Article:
As this painful ordeal continues to unfold, several questions are left to be asked. Why was such force needed to be used with a child in the home? If officers were aware of the suspect’s location in the adjoining apartment, then why was the home of Aiyana raided?
I am hurt, angered, and confused by this tragedy. Aiyana’s death haunts me because I see her all around me. My friend who has a 3 year old daughter; every time I think of the possibility of something similar happening to her tears immediately begin to fill my eyes. I have a cousin the same age as Aiyana; the mere thought of him being stripped away from me is unfathomable. This affliction makes me ponder on my 9 year old god-sister, who has the world before her, imagining that her future could be taken by heartless individuals is unbearable. We all know Aiyanas and unfortunately we have heard Aiyana’s story too many times.
With pain in my heart and anger in my spirit I write these words to awaken you. I write these words to keep the story of Aiyana alive. I write these words in the name of our ancestors who have witnessed these abominations and are crying out. I write these words to my future children who may someday read this and realize the fragility of their lives. I write these words as a covenant to protect them by any means necessary and ensure that their future will be just as bright as their smiling faces.
There is a lot to be said more about the black intellectual experience in the US. What a lot of American Blacks don’t understand is the class system being built around education. In so many ways, Brown v. Topeka(1954) has been rendered null and void. Although, the 1954 Brown v. The Board of Education ruling overturned segregation, in a de jure sense, in practice, its sway and influence began to decline after 1970. During the 1990s, school districts that had chosen voluntary desegregation programs were attacked with litigation by schools that sought to remain segregated such as the case Swann v. Charlotte-Mecklenburg, North Carolina. The impact of white flight from districts with predominantly black neighborhoods has lowered racial intermixing on a social level (mumford1.dyndns.org).
The highest rate of segregation appears to occur in large Northern metropolitan areas that are surrounded by white suburban areas. The findings of the 1974 Milliken Supreme court decision stands, a finding that forbids desegregation plans that cross school district lines. This creates a condition where densely populated areas of Blacks are unable to benefit from interacting with their white counter parts if the suburbs and the city are in differing districts. (colorlines.com)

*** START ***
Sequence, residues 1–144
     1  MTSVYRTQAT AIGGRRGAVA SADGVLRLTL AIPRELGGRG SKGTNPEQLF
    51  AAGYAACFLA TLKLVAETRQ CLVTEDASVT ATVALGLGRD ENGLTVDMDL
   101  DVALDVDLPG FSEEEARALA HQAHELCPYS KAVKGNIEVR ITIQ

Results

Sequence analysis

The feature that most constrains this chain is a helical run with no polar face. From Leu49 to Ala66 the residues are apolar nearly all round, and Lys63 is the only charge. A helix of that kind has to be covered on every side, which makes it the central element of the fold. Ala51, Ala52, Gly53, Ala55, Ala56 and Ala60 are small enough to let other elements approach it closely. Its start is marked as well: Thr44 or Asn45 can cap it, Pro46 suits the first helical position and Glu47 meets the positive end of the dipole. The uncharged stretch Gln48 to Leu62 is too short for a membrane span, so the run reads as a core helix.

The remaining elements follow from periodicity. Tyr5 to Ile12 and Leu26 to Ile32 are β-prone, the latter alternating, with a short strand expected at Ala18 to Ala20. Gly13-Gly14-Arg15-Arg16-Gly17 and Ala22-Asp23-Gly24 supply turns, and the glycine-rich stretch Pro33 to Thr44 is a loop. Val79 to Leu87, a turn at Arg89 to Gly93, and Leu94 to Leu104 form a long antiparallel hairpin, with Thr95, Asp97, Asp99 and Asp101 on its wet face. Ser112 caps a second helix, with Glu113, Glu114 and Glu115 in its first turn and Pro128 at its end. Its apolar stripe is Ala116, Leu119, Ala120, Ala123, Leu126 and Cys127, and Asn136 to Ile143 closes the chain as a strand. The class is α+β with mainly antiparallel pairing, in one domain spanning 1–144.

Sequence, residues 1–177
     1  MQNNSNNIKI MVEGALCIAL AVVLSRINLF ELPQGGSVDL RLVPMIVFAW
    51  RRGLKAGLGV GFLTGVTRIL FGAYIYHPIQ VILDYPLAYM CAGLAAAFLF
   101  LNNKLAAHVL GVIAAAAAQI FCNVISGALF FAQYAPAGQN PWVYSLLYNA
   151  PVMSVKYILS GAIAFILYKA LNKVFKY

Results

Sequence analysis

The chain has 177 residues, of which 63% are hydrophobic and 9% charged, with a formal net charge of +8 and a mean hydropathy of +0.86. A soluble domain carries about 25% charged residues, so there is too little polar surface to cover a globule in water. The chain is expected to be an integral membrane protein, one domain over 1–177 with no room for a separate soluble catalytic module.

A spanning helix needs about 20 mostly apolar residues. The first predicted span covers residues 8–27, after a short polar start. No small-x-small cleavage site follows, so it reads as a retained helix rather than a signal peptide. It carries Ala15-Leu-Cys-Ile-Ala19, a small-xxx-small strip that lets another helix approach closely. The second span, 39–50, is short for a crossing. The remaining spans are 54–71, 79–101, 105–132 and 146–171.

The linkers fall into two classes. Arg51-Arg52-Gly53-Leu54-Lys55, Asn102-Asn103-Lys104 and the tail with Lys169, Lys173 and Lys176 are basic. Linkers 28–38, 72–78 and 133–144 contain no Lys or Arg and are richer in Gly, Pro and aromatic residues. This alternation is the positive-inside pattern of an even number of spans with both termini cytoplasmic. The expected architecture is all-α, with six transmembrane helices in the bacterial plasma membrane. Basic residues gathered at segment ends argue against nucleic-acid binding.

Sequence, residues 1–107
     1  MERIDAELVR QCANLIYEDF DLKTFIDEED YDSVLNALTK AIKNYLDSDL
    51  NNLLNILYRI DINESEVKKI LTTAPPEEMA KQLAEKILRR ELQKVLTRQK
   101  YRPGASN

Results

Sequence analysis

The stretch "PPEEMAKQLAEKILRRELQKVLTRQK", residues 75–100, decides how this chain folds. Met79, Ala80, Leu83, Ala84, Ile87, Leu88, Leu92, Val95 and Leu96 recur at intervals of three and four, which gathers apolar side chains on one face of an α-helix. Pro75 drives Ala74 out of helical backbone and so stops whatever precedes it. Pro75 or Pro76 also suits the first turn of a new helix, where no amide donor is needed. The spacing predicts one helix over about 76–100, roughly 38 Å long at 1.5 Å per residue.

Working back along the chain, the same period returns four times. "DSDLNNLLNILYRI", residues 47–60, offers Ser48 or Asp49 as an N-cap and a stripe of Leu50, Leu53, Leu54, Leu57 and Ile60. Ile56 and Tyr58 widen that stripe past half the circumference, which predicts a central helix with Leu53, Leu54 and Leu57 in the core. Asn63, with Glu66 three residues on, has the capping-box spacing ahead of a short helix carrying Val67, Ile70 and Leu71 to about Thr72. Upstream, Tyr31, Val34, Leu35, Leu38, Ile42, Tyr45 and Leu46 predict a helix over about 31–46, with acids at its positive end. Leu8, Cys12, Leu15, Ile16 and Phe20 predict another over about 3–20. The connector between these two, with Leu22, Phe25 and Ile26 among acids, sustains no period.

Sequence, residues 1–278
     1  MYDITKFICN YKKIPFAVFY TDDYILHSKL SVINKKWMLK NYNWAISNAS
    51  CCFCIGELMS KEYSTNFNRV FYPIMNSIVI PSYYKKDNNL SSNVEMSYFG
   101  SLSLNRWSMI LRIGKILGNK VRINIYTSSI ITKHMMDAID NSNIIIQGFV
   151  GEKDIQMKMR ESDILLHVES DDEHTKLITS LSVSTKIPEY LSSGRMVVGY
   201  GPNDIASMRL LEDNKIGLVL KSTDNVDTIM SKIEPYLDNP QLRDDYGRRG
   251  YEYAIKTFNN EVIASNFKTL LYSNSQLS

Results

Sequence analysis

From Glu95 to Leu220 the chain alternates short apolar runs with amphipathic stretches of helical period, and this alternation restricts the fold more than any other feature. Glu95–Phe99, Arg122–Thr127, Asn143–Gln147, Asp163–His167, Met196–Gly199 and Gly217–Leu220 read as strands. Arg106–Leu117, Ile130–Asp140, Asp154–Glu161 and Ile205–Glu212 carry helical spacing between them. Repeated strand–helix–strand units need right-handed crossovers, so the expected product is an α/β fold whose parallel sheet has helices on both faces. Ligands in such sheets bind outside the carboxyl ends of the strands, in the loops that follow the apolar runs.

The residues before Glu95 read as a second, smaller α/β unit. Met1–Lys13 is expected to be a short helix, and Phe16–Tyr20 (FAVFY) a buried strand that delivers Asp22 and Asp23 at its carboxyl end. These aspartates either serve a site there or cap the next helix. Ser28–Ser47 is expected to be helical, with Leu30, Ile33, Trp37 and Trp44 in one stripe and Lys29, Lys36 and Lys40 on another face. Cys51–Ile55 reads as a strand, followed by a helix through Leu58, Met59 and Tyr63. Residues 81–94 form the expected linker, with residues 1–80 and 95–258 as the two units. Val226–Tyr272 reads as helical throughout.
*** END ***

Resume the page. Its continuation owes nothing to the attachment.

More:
So, in effect, you have a situaton where three-hundred and plus years of murder if you read, plus another hundred and plus years of schools that received low funding if at all by the government, and now a slight hundred years after that we have the same sort of thing. With the culture of anti-intellectualism being a customary for most cultures(the Khazarians killed their intellectual children), many in the American Black community have begun to define Black in manners that imply lack of intelligence, reason, or informed civility. The term “savage”, and phrases like “zero understanding” reflect this internalizing of the plight that American Blacks have had to face in gaining proper tools to become educated in a systematic manner outside of religious dogma and traditional American Black culture. Given that only 30% of the total population is degreed, and around 52% are high school educated, even with “street smarts”, the advantages of those who are able to obtain a foothold in this treacherous playing field of cultural capital hide and go seek are indeed great.
The same effects as what we might see in India with the “untouchables” begins to occur. Even at a possibly worse pitch due to the nature of inculcation. WHen a group of people that are as insular as the American Black population, with an extremely limited ability to influence and direct self-determination, begin to treat education in the same manner as the marginally-attached, then no matter how few accept this mentality, it will extend beyond those few “talented” ones. Class capitalism is as much about customs and culture as it is about wealth. With the legal system in the hands of the white wealthy, it is difficult to foretell if the American Black will be able to use criminal means to create a foothold as have the original British, French, and Spanish settlers, and all other European entities after them. Although there is an understandable degree of fear shared among the working and professional class of Blacks for those found in the urban setting, it would be more plausible for that group to build libraries and develop a leisure class outside of dependence on white american consumer marketing.
Land is land. Buildings are buildings. People make communities. The danger of any community is not in poorly built structures, that is to say outside of natural disasters of course. The danger is in the lack of respect for life. However, we have seen this lack of respect for life in everything that is human. Murdering one’s on kin is not the monopoly of the American BLack. The very term Anglo-Saxon is a reflection of gang/tribal warfare. Yet, without a balance of notions of what one can accomplish, without a discipline of thought, without an understanding of the power being weilded by outsiders via consumer marketing, the next generation of American Blacks might as all be murdered at seven by the police. They will either be dead, or serve the market in prison, or serve the market in stratafied housing zones and job placements. Those who succeed to rise above their brothers and sisters will be no different than the slave who slept in the attic of the master’s home one the plantation. They will be forced to drink beers and smile with the true power holders no matter the position of the member of the power holding race.